How can I ask Google search to use only the exact words (not entire phrase) I typed and not to use spell check and similar words/synonyms?

Here is a string I entered into Google's search form:

Mayavi plot3D vary tube radius

Many of the results I got back do not have the word "vary" but have the word "very" instead in bold, indicating Google searched specifically for "very" in addition to "vary."

Google also found results that had "diameter" instead of "radius" in bold, which although seems to be well-meaning, is not actually helpful for me, as "radius" is the name of a Mayavi variable I am working with, not "diameter."

Can I stop Google search from reporting results found with words similar to but different than the words I searched with, and how?

  • I just realized one solution--put the individual words that Google is changing in quotes, like so: Mayavi plot3D "vary" tube "radius." I wonder if there is a way to default search to this behavior.
    – jwco
    Commented Feb 26, 2012 at 18:03

4 Answers 4


Here are two articles about changes Google has made to search which affect required terms. First Google started silently ignoring some of the search terms included in multiple term searches (making all search terms required by default was one of the reasons I originally liked Google better than Yahoo). Then more recently they stopped supporting the "+" to force term inclusion, apparently because they want to use that in searches involving Google+.

Google Just Made Bing the Best Search Engine

Google Kills Its Other Plus, and How to Bring It Back

In years past, I could have searched for things like the following and only gotten pages that had all these terms:

bengals highlights simpson

I would only double-quote exact phrases I wanted matched, such as "Cat on a Hot Tin Roof"

When I noticed the first change above several months ago, I started using the + operator, which had been previously redundant:

+bengals +highlights +simpson

Now it appears we have to separately double-quote each term we require which is a pain:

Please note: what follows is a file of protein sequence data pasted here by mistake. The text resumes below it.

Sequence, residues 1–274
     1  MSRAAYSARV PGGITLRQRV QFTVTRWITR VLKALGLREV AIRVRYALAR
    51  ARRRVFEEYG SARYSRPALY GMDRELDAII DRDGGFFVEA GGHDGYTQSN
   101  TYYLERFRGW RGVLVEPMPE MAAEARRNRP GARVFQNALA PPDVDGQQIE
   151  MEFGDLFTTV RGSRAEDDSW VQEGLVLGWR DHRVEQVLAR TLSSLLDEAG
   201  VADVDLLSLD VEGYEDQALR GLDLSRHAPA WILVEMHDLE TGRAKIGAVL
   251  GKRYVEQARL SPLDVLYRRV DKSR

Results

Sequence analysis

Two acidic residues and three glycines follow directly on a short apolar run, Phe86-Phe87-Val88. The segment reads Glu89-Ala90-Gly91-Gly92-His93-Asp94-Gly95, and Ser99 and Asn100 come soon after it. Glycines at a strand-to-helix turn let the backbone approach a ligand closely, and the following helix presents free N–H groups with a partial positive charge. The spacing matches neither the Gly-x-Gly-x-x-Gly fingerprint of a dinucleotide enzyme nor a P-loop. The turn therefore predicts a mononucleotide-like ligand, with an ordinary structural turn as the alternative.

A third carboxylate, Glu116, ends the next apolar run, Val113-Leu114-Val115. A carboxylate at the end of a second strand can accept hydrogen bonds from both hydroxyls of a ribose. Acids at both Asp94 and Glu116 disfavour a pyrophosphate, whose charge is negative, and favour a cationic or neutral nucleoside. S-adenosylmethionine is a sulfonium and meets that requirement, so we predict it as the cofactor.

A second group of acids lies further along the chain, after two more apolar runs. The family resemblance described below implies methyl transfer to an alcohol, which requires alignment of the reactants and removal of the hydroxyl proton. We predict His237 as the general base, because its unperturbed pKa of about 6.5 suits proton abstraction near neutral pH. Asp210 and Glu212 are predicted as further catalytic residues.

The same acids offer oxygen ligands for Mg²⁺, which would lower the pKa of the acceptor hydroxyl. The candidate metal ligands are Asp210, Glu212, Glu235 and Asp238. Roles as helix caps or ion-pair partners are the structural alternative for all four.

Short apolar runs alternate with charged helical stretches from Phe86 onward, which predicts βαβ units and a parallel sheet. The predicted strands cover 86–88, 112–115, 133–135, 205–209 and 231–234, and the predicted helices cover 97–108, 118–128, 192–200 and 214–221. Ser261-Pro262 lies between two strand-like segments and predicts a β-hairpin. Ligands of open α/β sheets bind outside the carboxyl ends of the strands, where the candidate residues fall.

"bengals" "highlights" "simpson"


There’s a couple of things you can do to stop Google from being “helpful”:

  • Add + before the terms that must be included in the result (you can also put them in quotes as you have said)
    • To make it the default mode (find all terms), add as_q=all to the URL (this is not as effective as specifically prepending +)

  • Click the “Showing results for… Search instead for…” link to search for what you typed instead of what Google thinks you meant
    • To make it the default mode, add &nfpr=1 to the URL

So Googling for one of these should give only pages that have what you are looking for:

http://www.google.com/search?nfpr=1&as_q=all&q=Mayavi+plot3D+vary+tube+radius http://www.google.com/search?nfpr=1&q=Mayavi+plot3D+%2Bvary+tube+%2Bradius

  • 7
    Unfortunately, I believe Google recently stopped using the "+" for this purpose. Instead required terms must be individually enclosed in double quotes. Commented Feb 29, 2012 at 21:09
  • 1
    Yes, they said that, but it continues to work. Perhaps it depends on being logged in or the account, like with some of their experiments. In any case, the quotes (even on single words) serves the same purpose (and can still be added to a URL).
    – Synetech
    Commented Feb 29, 2012 at 21:50
  • 1
    In fact, if you click "Search instead for..." Google inserts the + operator to perform an exact match.
    – user13779
    Commented Mar 2, 2012 at 19:28
  • I wonder why companies like Google stop using "classics that work", like the + here.
    – Rodrigo
    Commented Jun 20, 2017 at 2:22

After reading all of the links provided and nearly deciding to change search engines - I came across the following:

Go to https://www.google.com/search?q=expresso

Click on "more search tools" if they are not already displayed. And, now, click "verbatim".

The sole problem is that there doesn't seem to be a way to make it stick - when you come back to Google, you'd have to reselect the option.

  • 1
    This was the only answer that worked for me. It really seems like Google treats all 3 of these equal "easing" +easing +"easing". When using any of those 3 terms it still erroneously returns results for 'ease', switching to verbatim mode returned only 'easing'. Commented Aug 28, 2014 at 19:09

I cannot tell you the amount of frustration I have experienced with Google messing up my searches. Therefore, I have just finished writing this opera plugin, in order to sanitize the output!

Beware, its from today and pretty much alpha:


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